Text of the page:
Similarly, other cost savings could be channelled into the provision of targeted tax credits for energy intensive businesses (manufacturing, those that require refrigeration etc.) to boost economic growth while investment is undertaken.
Economic modelling can facilitate this scheme by establishing a ‘revenue neutral’ level of tax credit whereby the costs of the credits will be offset by revenues generated through its facilitation of investment, job creation and economic activity.
05 Unleash Australia’s Natural Resources
Liberalise gas extraction.
Australia abounds in rich resources of gas (both offshore and onshore; both conventional and unconventional including coal seam and shale) which has the potential to deliver long-term, clean, cheap, energy. The liberalisation of extraction will result in significant further downward pressure upon prices, especially over the medium-to-long term.
06 Supporting Land Owners
Encourage gas extraction through reforming our royalty system.
Adopting a model similar to the United States, where a recent energy revolution has resulted in falling prices and greater energy independence. It is proposed that royalties from mineral extraction are diverted to land owners, a percentage of which is taxed.
Any decrease in governmental revenues will be offset in the longer term through significant increases in extraction while such a policy would lead to a significant boost in support for exploration and thereby extraction leading to significant increases in supply.
07 Incentive state-based energy competition
Using the GST to improve state based policies.
Use GST Distribution incentives to reward states who liberalise gas extraction and allow this to be exported to other states. For instance, Western Australia presently is hindering gas extraction, and reserves a portion of the gas it does extract for the domestic market, thereby lowering its own prices at the expense of other states. A system of GST-based incentives will increase investment, and allowing cross-border supply will increase competition with flow on effects to other states.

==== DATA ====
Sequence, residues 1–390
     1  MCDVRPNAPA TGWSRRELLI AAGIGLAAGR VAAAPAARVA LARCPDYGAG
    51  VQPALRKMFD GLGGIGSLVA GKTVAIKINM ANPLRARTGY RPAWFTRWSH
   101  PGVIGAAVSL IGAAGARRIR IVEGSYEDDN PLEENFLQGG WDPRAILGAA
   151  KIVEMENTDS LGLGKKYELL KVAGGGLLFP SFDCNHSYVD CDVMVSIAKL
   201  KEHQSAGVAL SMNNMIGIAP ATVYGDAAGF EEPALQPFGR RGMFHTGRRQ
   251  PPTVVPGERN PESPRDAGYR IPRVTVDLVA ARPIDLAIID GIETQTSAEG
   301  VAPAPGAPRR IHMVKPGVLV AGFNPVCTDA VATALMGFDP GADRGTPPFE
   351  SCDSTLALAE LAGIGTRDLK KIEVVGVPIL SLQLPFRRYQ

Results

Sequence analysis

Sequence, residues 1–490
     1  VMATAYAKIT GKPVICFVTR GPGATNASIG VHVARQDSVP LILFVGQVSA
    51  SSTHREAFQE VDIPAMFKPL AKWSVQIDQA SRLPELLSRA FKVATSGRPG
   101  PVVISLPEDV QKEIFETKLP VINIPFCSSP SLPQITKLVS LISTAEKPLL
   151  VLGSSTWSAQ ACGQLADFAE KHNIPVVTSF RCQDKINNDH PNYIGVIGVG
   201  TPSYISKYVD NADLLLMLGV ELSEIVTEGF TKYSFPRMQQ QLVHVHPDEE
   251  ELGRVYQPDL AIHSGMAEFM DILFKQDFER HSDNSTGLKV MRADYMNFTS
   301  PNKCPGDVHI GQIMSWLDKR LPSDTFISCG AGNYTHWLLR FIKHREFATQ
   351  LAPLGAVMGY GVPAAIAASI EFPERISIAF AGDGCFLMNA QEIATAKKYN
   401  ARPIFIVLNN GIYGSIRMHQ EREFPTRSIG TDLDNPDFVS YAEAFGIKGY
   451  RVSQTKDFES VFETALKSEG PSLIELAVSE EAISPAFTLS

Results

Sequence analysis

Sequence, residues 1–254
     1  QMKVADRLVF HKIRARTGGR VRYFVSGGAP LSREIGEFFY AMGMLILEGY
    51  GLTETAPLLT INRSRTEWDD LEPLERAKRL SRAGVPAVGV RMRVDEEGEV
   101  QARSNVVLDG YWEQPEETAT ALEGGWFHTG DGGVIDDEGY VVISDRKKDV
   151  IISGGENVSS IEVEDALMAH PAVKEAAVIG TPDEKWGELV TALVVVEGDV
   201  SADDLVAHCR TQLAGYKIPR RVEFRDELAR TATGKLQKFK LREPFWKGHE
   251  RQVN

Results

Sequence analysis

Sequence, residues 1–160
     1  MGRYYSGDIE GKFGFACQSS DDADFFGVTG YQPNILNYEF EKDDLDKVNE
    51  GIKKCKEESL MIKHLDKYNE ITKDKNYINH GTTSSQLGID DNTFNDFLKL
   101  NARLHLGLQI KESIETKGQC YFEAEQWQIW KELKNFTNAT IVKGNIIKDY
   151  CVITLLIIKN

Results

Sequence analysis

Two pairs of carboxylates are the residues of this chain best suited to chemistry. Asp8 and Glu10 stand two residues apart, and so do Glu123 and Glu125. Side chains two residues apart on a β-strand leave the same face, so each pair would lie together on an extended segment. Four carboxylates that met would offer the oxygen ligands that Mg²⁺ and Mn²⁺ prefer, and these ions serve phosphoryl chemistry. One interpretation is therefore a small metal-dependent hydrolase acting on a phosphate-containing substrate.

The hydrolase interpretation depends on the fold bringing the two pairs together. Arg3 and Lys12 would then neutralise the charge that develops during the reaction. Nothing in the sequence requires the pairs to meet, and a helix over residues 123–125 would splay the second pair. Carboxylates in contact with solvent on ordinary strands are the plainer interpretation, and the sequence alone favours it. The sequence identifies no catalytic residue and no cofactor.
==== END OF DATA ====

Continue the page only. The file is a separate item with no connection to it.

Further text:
08 End Gold Plating & Boost Competition
Adopt sensible regulatory reforms to lower prices through increased competition.
Multiple policies can be enacted that derive from ACCC recommendations to increase competition and end inflated prices through the process known as “gold plating”.
Adopting best-practice regulatory models in states which have avoided increasing their electricity bills due to overinvestment in electricity network assets will assist in lowering prices in the long-term. Empowering regulators such as the AER and AEMO with further powers will also assist in narrowing the information gap which allows energy companies to game the system by convincing regulators that they need to invest in more assets than they need while passing costs to consumers.
Competition can be boosted at a retail level by ensuring greater transparency in third party offer websites, allowing consumers to accurately compare all available offers in the market while preventing energy companies from taking advantage of an ‘inactive’ customer base who are paying more for their electricity than they need to. In jurisdictions with state-owned electricity generation portfolios and networks, these can be divided to increase competition and drive down prices per the ACCC recommendations.
09 Legalise Nuclear
Legalise cheap and clean nuclear energy.
While debate surrounds the short term cost-effectiveness of nuclear power, a lifting of the moratorium allowing potential future market-driven responses will nevertheless provide greater clarify to investors placing downward pressure upon prices.